The Basic Styles of Wrestling
Two basic styles of amateur wrestling are generally employed around the world: freestyle and Greco-Roman. Other forms of wrestling are common within different cultures. Amateur wrestling is highly popular in the United States in colleges and universities, secondary schools, and athletic clubs. In addition to national championship matches, thousands of regional and local tournaments are held each year.
Olympic Wrestling The basic rules and scoring procedures for freestyle and Greco- Roman are the same, as determined by the Fédération Internationale de la Lutte Amateur (FILA), the international wrestling federation. Olympic-style wrestling bouts consist of a one-period, 5-minute match. A match is completed if a wrestler scores a fall, or if at the end of regulation, one wrestler has scored more points. Under current rules, if neither wrestler scores at least three points in the five minutes allotted, the wrestlers must go into an overtime period of a maximum of three minutes. If neither wrestler has scored three points at the end of the overtime, or if the bout is still tied, the officials determine the winner. The points awarded for the various scoring maneuvers in wrestling (takedown, reversal, escape, exposure) are the same in both freestyle and Greco-Roman wrestling.
The rules of freestyle wrestling permit an athlete to use his entire body in competition, allowing a greater variety of holds than in the Greco-Roman style. Holds below the waist and the use of the legs are permitted. In the 1990s, the United States became one of the leading freestyle wrestling nations in the world, winning its first-ever team title at the 1993 Freestyle World Championships. Previously the sport was dominated for many years by the former Union of Soviet Socialist Republics (USSR). Freestyle is the most popular style in the world, with more nations participating in this form of wrestling at the annual world championships than in Greco-Roman.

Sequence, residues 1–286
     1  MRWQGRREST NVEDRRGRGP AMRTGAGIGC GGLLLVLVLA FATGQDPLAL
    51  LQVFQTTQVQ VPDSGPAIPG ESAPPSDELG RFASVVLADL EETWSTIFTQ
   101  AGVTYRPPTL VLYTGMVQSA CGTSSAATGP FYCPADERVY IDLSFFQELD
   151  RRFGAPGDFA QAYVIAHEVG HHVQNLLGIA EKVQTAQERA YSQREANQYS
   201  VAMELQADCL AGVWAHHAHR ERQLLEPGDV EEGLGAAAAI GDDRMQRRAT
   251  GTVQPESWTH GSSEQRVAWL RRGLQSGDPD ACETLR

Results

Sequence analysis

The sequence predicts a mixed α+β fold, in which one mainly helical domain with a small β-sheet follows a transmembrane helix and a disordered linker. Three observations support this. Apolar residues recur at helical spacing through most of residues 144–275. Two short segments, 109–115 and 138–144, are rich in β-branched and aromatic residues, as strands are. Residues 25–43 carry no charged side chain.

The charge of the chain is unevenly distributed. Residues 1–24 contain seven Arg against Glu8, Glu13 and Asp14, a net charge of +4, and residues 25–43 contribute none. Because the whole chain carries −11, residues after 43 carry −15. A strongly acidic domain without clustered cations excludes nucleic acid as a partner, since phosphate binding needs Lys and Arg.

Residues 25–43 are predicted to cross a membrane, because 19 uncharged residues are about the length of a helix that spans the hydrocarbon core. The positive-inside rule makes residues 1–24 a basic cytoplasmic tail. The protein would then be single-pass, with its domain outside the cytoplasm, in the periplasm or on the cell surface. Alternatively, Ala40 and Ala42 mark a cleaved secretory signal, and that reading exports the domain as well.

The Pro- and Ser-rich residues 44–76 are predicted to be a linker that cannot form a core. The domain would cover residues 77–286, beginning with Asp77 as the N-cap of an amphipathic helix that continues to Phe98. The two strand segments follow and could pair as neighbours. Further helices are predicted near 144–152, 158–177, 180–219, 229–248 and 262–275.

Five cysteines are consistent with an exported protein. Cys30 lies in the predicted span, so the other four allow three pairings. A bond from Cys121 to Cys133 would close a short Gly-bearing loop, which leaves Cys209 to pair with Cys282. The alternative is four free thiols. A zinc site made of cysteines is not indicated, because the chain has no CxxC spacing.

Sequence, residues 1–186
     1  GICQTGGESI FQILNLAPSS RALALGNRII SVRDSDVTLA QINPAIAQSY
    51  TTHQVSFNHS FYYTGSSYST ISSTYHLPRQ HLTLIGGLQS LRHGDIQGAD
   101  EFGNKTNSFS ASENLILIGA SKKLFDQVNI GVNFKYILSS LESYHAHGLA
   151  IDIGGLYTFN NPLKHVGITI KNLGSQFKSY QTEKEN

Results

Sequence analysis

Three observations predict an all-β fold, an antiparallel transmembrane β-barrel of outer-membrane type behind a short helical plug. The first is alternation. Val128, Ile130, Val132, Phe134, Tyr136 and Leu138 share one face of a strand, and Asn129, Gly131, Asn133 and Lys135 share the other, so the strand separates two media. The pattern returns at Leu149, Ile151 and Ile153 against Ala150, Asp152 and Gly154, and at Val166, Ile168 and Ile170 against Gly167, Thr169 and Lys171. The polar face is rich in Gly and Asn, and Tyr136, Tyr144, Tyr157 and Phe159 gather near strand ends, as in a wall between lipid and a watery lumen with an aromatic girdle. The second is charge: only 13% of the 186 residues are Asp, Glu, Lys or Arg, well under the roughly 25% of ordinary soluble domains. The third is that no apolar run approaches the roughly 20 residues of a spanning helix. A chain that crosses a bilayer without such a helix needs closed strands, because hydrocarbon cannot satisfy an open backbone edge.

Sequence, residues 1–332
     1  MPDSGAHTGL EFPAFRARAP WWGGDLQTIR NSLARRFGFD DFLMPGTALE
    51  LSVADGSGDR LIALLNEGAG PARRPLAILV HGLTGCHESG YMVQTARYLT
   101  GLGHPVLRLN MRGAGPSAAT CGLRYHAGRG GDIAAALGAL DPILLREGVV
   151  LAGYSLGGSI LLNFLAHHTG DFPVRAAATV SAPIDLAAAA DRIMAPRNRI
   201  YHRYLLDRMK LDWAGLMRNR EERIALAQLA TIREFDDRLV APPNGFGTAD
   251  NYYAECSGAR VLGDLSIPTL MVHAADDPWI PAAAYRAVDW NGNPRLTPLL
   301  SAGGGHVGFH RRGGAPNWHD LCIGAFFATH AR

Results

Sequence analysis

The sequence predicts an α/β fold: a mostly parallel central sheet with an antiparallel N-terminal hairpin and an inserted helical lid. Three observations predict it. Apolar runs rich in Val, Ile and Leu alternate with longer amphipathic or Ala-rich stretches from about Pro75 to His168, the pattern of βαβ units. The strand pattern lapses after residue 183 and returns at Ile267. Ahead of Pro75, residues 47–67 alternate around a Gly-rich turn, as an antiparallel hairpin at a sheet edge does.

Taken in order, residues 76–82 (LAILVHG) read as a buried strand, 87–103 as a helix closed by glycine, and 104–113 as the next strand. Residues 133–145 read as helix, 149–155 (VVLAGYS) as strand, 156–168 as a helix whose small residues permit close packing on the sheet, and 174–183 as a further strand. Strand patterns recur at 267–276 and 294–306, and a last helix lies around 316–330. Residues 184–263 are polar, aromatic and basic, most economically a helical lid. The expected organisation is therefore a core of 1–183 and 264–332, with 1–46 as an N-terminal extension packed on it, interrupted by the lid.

Women’s freestyle wrestling is a growing sport around the world. A world championship for women was created in the 1980s, and an increasing number of nations field women’s wrestling teams each year.
Greco-Roman wrestling is especially popular in Europe, but it is practiced throughout the world. The distinctive feature of Greco-Roman wrestling is that contestants must apply all holds above the waist, and the use of the legs in scoring or defending is prohibited. Tripping, tackling, and using the legs to secure a hold are not permitted. Greco-Roman wrestlers begin their bout in a standing position, and attempt to either throw their opponent to the mat or to use holds to drop them to the mat.
United States College Wrestling
Collegiate-style wrestling, also known as folkstyle or scholastic, is a form of wrestling native to the United States. This style of wrestling is practiced in U.S. secondary schools, colleges and universities, and in many wrestling clubs. One feature that makes collegiate-style wrestling different from freestyle is that a wrestler must hold the opponent’s shoulders to the mat for one second to earn a fall. Collegiate-style wrestling rewards wrestlers with “near falls,” worth two or three points, for holding an opponent close to his or her back. Collegiate wrestlers earn credit for “riding time,” or time during which they control their opponent on the mat. “Riding time” points are unique to college wrestling and do not play a factor in the high school sport.